How does Susan Hill's presentation of the community of Crythin Gifford contribute to the tension in "The Woman in Black"?

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gpane | College Teacher | (Level 3) Senior Educator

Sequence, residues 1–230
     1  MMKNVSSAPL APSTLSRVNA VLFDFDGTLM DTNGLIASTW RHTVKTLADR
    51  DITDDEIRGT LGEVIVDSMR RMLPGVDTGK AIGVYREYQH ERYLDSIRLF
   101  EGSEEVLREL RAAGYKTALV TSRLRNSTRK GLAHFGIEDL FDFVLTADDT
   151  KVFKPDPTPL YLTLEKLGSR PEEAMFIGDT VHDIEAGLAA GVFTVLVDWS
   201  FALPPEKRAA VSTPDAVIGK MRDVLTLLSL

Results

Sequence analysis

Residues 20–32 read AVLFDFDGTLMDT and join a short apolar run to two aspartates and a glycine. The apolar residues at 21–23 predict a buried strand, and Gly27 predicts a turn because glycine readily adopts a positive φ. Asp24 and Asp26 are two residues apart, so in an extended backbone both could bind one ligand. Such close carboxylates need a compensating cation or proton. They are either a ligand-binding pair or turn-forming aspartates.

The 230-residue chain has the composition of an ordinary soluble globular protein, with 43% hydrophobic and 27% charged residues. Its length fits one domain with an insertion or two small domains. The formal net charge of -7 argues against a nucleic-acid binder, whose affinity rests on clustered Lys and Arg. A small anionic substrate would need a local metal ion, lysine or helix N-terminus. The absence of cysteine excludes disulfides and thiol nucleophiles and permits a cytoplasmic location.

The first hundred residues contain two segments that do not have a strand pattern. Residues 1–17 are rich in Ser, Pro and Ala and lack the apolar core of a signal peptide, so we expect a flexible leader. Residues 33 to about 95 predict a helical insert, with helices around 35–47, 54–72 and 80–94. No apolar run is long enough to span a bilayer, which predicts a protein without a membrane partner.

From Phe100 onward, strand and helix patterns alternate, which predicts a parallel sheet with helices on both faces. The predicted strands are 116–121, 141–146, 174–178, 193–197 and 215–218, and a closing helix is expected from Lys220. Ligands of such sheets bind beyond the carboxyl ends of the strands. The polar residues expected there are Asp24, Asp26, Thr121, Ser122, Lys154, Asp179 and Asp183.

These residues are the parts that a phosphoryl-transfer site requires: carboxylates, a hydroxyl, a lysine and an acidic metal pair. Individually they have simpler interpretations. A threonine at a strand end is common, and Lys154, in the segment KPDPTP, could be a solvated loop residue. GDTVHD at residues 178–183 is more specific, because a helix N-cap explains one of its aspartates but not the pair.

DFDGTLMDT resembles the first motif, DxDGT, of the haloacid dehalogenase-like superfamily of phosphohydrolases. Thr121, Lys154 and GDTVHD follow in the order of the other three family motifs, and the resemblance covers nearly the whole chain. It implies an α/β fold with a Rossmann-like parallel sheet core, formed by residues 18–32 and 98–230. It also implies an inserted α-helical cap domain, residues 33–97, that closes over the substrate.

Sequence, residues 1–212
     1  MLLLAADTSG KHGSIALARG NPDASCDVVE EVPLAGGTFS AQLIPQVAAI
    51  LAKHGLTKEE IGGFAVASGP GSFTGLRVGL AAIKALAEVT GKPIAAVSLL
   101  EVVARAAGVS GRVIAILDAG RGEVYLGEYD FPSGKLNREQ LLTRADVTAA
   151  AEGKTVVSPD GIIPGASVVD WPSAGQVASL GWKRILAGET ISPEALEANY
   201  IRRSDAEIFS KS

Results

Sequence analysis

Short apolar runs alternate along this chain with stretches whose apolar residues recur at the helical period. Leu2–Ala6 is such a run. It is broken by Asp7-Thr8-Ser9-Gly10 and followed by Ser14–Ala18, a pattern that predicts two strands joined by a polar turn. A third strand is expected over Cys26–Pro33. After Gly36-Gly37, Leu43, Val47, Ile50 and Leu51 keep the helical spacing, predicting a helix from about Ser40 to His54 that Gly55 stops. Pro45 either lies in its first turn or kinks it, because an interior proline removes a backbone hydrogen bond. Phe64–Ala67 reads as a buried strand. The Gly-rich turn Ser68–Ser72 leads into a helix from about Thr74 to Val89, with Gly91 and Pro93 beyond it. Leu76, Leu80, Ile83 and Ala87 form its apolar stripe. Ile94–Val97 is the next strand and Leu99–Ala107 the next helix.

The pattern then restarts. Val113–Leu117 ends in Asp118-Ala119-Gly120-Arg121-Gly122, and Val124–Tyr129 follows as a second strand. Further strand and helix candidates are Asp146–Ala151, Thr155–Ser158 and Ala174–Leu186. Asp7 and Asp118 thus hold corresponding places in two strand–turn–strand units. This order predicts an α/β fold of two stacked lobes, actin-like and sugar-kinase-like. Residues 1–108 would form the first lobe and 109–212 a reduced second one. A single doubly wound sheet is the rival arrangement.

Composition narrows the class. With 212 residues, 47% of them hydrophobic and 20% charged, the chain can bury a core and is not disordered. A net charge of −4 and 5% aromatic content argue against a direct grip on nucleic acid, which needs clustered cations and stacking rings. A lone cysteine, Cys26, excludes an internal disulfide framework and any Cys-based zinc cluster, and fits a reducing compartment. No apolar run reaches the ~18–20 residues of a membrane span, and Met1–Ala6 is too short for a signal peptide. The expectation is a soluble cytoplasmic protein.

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Although at first sight Arthur likes the look of Crythin Gifford, he soon finds that the people there, although polite and hospitable, are not very forthcoming and tend to keep themselves to themselves. This attitude is exemplified in individual characters like Jerome, who deals with the Drablow estate and is one of the very few people to attend Mrs Drablow's funeral along with Arthur, and Keckwick, the man who conveys Arthur back and forth from Eel Marsh House in his pony and trap.  Even the children at the local school appear strangely quiet and subdued. Arthur senses that the community have secrets that they are not willing to share with him, concerning Eel Marsh House, and this frustrates and also unsettles him. This helps to build up the tension ahead of his arrival at Eel Marsh House itself.

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